Press release

Mar 05, 2015

Profile 2014 – State of the Canadian on-screen media production industry

OTTAWA, March 5, 2015—According to the latest figures released today in Profile 2014: An Economic Report on the Screen-Based Media Production Industry in Canada, the Canadian film and television production industry showed an overall increase in production volume of 2.1% from 2012/13 to 2013/14 to $5.86 billion.

Profile 2014 marks the 18th edition of the annual economic report published by the Canadian Media Production Association (CMPA) in collaboration with the Association québécoise de la production médiatique (AQPM) and the Department of Canadian Heritage. It was unveiled today at the CMPA’s annual conference Prime Time in Ottawa.

The report provides a statistical overview of the three main screen-based production sectors in Canada: Canadian production (includes television and theatrical), foreign location and service production, and broadcaster in-house production. These sectors helped sustain 125,400 fulltime jobs in 2013/14.

Foreign location and service production made the largest gains, up $86 million or 4.9% last year, primarily due to a slightly weaker Canadian dollar and competitive tax credits and rebates. These gains also reflect a bounce-back in feature film production. In 2013/14 it was up by $215 million while TV production was down by $129 million.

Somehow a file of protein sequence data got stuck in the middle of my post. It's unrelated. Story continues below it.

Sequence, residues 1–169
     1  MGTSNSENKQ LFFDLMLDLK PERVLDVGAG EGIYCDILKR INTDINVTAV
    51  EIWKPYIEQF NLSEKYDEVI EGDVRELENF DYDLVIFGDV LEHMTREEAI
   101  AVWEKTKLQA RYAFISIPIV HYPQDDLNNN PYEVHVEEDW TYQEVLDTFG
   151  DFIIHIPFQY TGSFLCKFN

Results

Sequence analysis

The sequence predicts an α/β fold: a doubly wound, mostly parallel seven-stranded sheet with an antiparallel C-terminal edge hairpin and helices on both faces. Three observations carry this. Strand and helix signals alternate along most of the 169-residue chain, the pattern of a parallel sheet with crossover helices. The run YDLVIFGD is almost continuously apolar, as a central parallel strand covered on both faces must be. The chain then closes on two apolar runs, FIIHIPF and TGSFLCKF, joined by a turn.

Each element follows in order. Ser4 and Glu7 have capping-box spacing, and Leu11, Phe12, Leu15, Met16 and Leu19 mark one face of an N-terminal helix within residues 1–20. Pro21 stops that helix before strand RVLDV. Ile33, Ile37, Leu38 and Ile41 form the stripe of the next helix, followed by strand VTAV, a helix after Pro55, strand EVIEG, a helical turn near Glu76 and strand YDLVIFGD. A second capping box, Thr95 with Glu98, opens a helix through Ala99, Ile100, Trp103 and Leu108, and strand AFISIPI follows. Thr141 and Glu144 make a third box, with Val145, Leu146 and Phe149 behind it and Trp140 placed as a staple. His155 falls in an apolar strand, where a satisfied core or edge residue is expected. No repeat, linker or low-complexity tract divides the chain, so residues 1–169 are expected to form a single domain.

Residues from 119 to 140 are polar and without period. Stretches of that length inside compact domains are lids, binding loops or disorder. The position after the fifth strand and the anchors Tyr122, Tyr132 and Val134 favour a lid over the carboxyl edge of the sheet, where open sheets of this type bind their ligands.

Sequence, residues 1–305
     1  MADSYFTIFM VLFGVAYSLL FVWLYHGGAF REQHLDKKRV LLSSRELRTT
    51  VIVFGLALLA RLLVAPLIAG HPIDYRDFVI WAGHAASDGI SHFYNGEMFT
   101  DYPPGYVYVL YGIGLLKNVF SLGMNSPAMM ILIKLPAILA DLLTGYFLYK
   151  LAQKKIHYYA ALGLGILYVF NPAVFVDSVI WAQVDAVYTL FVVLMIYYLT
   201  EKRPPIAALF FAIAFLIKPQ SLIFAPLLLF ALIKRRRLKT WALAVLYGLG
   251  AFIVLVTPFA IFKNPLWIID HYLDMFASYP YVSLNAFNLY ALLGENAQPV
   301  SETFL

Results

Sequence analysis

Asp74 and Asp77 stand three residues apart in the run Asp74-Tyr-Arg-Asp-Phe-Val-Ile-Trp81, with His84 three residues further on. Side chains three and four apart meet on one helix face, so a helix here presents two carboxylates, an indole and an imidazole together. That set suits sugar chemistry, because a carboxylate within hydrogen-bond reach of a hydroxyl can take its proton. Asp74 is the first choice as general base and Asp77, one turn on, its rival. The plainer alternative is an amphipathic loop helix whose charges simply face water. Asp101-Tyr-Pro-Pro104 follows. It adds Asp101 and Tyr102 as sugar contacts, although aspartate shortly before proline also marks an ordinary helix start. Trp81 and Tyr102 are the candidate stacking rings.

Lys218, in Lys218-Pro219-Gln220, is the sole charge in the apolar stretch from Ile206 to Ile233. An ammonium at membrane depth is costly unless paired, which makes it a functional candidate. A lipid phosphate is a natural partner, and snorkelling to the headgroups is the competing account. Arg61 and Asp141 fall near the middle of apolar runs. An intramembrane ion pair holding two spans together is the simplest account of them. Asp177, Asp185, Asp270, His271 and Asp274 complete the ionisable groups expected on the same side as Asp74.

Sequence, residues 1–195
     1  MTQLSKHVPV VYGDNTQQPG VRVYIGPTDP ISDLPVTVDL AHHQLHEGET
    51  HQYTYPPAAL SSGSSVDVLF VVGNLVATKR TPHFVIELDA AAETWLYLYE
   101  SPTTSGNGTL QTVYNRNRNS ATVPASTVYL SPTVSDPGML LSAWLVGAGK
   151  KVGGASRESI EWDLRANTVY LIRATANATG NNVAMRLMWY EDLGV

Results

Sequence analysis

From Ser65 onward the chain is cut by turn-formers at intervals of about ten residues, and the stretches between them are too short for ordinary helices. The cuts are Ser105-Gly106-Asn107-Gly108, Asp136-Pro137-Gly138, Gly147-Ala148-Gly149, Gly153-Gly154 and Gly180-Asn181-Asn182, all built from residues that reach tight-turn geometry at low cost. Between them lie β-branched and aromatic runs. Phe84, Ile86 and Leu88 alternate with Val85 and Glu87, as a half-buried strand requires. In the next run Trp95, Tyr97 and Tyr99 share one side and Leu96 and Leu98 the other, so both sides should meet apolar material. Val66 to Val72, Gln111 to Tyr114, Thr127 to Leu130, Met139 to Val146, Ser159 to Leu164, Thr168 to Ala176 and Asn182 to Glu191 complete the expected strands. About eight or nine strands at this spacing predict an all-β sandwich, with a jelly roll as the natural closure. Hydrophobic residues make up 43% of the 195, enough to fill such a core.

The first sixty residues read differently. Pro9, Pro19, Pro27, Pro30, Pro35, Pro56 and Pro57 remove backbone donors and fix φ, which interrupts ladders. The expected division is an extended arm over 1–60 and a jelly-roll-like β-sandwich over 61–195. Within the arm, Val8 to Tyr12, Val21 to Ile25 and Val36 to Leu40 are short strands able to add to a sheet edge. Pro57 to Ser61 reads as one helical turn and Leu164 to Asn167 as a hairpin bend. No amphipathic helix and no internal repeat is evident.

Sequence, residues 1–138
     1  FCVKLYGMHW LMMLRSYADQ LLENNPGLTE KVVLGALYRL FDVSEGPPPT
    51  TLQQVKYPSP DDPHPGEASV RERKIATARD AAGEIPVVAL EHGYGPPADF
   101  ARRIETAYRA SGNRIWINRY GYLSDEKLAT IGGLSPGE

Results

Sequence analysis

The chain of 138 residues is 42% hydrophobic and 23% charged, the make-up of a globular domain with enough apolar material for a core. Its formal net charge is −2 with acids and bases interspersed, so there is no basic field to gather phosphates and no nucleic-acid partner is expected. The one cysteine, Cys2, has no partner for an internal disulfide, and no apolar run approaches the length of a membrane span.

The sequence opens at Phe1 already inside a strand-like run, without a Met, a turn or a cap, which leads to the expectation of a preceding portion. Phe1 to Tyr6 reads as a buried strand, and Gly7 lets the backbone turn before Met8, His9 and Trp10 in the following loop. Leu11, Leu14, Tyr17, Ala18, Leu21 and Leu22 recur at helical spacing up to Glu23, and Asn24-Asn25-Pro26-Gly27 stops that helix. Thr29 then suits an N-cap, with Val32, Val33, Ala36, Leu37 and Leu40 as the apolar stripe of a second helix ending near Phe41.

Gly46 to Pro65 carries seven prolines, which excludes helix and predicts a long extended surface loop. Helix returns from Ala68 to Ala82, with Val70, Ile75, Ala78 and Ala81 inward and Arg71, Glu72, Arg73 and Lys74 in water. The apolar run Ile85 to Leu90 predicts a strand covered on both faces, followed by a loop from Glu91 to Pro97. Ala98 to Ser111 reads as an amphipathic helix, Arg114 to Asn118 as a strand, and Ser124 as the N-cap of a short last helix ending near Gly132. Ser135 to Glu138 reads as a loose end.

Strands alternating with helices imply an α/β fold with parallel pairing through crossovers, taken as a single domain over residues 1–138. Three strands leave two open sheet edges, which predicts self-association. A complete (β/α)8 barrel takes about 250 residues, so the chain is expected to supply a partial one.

The Canadian TV subsector was the second largest contributor to overall industry growth in 2013/14. Production volume increased by $60 million or 2.7% to $2.29 billion—even though the number of television projects actually fell by 7.7%, namely because of the drop in miniseries and single television episodes and pilots.

Canadian theatrical feature film production also made gains in 2013/14 up $15.1 million or 4.2%. Most of this increase is based on high-budget productions for individual, particularly in the English-language market. For example the average budget for English-language films jumped from $4.2 million to $7 million in 2013/14.

Broadcaster in-house production, by contrast, decreased overall by $43 million or 3.1% to $1.36 billion. This is largely due to a reduction in sports spending with no Olympic Games in 2013 and an NHL lockout during the 2013 broadcast year.

The full copy of Profile 2014 is available online.